The cargo ship that slipped into the side of the Suez Canal and held up billions in global trade for six days has been freed, multiple news outlets have reported. The ship, Ever Given, became lodged in the side of the canal after a strong gust of wind likely threw it off course.
The incident signals a significant issue with global trade that could have long-lasting impacts for supply chains. On an immediate scale, the nearly weeklong impasse at the canal, which connects trade between Europe and Asia and carries around 13% of global maritime trade, will have a short-term delay for numerous consumer goods and oil transports. More than 360 ships have been waiting to pass through the canal, The Wall Street Journal reported.
However, the world’s largest container shipping company, Maersk, cautioned the impact will take much longer to correct. Clearing the line of boats could take “six days or more,” but “ripple effects” will last longer, the company said in a statement.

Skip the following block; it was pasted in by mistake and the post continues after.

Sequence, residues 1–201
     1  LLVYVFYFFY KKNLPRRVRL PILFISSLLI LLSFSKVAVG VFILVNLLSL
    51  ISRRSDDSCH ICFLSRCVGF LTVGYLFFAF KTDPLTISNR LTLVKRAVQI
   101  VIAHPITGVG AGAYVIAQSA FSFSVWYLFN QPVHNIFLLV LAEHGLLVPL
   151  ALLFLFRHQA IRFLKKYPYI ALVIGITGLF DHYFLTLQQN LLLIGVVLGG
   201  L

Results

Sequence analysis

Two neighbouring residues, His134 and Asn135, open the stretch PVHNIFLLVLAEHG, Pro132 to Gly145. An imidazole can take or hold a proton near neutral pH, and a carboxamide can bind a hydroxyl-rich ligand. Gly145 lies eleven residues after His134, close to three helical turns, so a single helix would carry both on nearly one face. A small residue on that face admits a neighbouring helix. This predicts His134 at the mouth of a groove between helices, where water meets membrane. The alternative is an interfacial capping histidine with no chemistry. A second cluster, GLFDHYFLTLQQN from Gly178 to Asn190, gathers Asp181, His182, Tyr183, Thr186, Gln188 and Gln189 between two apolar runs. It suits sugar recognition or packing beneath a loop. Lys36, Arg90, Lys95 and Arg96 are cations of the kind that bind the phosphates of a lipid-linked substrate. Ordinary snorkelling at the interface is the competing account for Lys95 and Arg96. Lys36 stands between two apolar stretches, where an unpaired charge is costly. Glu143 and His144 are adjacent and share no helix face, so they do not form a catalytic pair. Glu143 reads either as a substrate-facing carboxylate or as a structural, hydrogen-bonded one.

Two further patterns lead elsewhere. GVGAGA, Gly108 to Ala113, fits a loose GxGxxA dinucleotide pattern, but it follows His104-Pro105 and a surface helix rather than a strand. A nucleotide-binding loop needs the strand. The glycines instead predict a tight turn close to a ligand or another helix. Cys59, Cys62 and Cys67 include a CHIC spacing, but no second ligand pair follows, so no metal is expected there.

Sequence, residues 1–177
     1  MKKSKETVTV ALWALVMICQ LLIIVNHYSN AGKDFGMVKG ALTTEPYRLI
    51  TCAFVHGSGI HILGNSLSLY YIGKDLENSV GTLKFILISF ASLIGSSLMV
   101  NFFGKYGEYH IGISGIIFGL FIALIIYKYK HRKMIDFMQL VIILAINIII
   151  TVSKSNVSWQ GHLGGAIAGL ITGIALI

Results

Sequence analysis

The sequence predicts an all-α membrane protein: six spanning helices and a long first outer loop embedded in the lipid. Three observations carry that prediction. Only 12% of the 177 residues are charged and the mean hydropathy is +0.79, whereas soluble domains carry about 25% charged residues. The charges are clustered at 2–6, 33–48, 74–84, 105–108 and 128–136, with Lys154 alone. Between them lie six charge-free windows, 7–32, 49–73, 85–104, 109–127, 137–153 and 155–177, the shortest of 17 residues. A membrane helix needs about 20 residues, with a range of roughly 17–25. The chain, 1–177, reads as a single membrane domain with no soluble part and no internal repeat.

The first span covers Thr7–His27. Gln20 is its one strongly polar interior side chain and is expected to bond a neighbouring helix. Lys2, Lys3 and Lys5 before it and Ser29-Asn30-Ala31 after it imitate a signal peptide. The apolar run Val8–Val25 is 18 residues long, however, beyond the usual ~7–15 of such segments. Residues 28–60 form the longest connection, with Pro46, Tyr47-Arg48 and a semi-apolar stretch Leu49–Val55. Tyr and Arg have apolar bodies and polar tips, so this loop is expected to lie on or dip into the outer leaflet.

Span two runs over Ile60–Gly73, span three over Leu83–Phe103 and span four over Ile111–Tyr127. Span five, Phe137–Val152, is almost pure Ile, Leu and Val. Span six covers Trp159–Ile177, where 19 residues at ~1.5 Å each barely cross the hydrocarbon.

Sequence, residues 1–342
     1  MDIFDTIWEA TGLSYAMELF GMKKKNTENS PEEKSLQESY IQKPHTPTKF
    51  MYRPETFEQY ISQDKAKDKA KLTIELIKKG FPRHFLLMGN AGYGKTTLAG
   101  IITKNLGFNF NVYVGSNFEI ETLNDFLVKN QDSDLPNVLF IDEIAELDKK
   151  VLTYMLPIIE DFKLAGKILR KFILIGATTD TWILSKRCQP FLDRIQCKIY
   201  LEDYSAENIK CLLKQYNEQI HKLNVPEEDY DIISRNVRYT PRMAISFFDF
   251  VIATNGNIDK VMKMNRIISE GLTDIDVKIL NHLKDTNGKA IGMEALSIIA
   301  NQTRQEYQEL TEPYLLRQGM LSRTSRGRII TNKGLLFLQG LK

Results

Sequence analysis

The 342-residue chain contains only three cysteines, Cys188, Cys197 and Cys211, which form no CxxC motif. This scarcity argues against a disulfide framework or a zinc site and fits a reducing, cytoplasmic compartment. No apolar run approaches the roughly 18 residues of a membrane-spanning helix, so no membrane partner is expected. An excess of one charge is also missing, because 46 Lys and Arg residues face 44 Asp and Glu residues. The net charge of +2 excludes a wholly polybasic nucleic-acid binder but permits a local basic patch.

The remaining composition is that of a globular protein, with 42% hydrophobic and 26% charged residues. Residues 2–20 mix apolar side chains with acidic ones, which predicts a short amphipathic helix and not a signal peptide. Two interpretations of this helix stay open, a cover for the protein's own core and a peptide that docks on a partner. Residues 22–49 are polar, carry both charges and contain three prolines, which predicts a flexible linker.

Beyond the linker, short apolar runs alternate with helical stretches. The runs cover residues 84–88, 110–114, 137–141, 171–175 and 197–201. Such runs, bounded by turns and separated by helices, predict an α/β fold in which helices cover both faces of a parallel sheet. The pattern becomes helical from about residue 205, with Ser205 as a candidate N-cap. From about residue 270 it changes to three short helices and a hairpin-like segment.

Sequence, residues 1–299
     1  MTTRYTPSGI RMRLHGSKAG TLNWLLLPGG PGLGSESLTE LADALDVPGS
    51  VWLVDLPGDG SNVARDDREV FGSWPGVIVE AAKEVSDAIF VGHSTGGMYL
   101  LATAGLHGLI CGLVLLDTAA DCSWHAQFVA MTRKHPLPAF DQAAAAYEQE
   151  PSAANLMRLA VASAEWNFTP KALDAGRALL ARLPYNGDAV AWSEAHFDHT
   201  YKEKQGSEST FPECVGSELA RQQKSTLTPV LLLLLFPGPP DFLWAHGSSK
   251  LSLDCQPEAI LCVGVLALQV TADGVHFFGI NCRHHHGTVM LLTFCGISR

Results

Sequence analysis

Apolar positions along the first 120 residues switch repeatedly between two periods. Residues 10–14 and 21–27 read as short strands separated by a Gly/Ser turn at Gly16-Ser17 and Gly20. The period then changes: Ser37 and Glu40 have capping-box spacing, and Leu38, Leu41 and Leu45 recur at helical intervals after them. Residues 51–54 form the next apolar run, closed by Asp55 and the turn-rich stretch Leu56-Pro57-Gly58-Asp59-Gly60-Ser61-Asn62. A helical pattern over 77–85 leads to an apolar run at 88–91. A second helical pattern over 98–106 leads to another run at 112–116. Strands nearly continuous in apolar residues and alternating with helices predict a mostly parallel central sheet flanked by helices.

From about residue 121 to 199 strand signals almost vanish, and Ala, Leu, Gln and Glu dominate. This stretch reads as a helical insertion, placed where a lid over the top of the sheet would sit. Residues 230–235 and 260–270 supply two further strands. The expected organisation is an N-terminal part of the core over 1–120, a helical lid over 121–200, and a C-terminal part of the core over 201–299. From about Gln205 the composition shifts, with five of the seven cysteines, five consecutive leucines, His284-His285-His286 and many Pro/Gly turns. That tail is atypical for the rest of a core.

“Even when the canal gets reopened, the ripple effects on global capacity and equipment are significant and the blockage has already triggered a series of further disruptions and backlogs in global shipping that could take weeks, possibly months, to unravel,” the statement reads.
Maersk redirected 15 ships to take an alternative trade route around Cape of Good Hope at the southern tip of Africa--a journey that adds up to 19 days to travel time. Many other shippers also sent ships around the long way in the last week as the blockage continued.
The bottleneck exposed a severe vulnerability in trade supply routes and came at a time when supply chains were already strained by Covid-19 impacts. With retail CEOs and consumers feeling more optimistic about the Covid-19 pandemic, some supply chain woes are likely to come to an end, but Ever Given’s mishap may help push innovation forward to avoid future global supply delays and unpredictable disruptions.
Ever Given will be towed to an anchor point to free up traffic in the canal Monday.